I’ve heard much discussion about the standard 100 yard shot and arguably for most bore-sighted rifles, sighting in at that distance is fine. But talk to the pros and most will agree that you should begin at 25 yards if you want to do it right. Making adjustments at close range is easier than at longer distances. At 25 yards you’ll find it easier to acquire your target; it simply appears larger and is easier to center the crosshairs at this short distance. Inaccuracies are simpler to rectify and adjustments can be made quickly at that distance. Remember, inaccuracies are exaggerated that much more at greater downrange distances.

k_wilson_sighting_in1
As you make your fine adjustments to your scope, be aware of the increments and don’t overdo it. For example, with my Leupold VXIII, one click = 1/4 inch adjustment. So, if my shots were hitting consistently two inches to the left of center, I would likely need to dial the adjustment eight clicks in that direction, then shoot another round of bullets. Some folks disagree, but in my opinion it is better to make subtle adjustments, then shoot to confirm that you are working toward the zero mark. As long as there are no fliers, a series of three shots is typically representative of where the gun is shooting. Although with today’s scopes I don’t believe it is as crucial, I still like to give it a firm tap to seat the crosshairs after each adjustment.

When your rifle and scope are in sync at 25 yards, move to 100 yards. Most big game rifle and bullet combinations that are sighted in a couple inches high at 100 yards will shoot a hair low at 25 yards – with most deer hunters this is considered ideal (e.g., I like my 300 Win Mag to be 2″ high at 100 yards). Once your rifle is sighted in, try shooting at 200, 300 and 400 yards to better learn how your rifle, scope and ammunition perform at greater distances.

4) Use the same ammunition that you plan to hunt with
Not all ammunition performs the same. Be sure to sight in your rifle with the load that you plan to hunt with. Ballistics of variable bullet weights and designs (not to mention manufacturers) will perform differently. For instance, Winchester Ammunition’s 150 grain Supreme Elite XP3 (www.winchester.com) will inevitably perform differently than Remington’s 180 grain Core-Lokt, PSP (www.remington.com) shot out of my 300 Winchester Magnum.

If you reload your own ammunition, then you’re likely acquainted with factors affecting bullet performance. Working the right load may take some trial and error, but the same applies – always sight in with the bullet and load you intend to hunt with.

5) Record and reference each shot
Sighting in can be as labor-intensive as you make it. As a rule, several items are required and several more make the job that much easier. As an absolute necessity, we require a table or bench, a shooting rest, our rifle, ammunition and a target. Beyond these basics, the job is much easier with a spotting scope, tripod, and additional targets along with a marker.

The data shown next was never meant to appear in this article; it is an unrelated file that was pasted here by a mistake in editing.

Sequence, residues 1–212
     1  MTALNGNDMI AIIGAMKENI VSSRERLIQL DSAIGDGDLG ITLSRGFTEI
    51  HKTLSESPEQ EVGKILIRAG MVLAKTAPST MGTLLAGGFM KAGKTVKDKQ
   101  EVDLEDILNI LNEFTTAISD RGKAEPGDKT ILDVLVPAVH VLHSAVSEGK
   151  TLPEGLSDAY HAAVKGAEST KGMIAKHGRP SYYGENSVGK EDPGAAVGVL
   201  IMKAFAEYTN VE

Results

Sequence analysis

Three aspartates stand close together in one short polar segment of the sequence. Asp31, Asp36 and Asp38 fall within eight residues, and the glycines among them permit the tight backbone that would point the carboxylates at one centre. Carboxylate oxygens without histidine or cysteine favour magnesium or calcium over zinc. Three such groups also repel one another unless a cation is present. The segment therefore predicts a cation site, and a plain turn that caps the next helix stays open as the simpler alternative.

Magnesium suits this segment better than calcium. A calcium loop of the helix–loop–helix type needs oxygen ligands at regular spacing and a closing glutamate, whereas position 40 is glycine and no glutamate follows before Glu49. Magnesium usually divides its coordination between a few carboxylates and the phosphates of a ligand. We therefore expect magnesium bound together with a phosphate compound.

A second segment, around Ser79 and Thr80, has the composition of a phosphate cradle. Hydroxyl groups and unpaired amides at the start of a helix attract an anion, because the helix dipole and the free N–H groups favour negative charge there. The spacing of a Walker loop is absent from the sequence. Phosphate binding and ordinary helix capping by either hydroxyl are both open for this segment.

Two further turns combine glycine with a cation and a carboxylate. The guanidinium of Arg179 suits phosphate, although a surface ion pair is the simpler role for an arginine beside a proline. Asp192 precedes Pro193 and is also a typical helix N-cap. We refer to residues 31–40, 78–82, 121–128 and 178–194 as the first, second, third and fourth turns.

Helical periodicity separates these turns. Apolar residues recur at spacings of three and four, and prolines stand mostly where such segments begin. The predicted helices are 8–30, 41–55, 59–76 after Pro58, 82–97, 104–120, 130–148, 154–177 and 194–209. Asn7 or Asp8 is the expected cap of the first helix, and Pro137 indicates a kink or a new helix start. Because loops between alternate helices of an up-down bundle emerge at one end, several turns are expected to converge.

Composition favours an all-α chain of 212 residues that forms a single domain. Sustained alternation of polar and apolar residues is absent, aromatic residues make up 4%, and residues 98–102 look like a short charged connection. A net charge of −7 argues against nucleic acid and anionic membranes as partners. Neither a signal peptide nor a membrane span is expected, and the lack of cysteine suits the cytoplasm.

As you begin shooting, be sure to analyze and record each shot. I like to use a Bushnell Elite 15-45x 60 mm spotting scope (www.bushnell.com) mounted on a solid tripod. At 45 power magnification, I can see every detail on the downrange target. My scope allows me to closely assess where I hit in relation to where I aimed. Further, many shooters like to keep a matching target on the bench while they are shooting. By checking their shot, then marking it on the target beside them, they can better track their progressions to confirm any scope adjustments and accuracy. This eliminates much of the guessing about which shot was which.

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How To Call Your Shots

Calling a shot simply means the marksman can tell where his bullet hit. This can be done by observing the bullet’s flight and impact or by knowing where the sights were the instant the firearm was triggered. There are two separate, but complementary, ways to call a shot.

shot

When shooting from non-prone positions, witnessing the impact of the bullet is difficult. The trick is to focus intently on the position of the sights and take a mental snapshot of where they were in relation to the target when the bullet was fired.

The best way to develop this skill is through dry-fire practice, coupled with live-fire practice shots at the range. When dry-firing, use a small target that is a challenge to keep the crosshairs on. Don’t fight the wobble of the sight, just smoothly break the shot as it covers the target. Remember where the crosshairs were when the trigger clicked. At the range, do this with every shot.

To actually see your bullet’s impact, you must pair this level of focus with excellent form. If you are square behind the rifle and not putting any pressure on the stock that will cause it to jump to the side under recoil, you’ll be able to watch the bullet and see where it hits.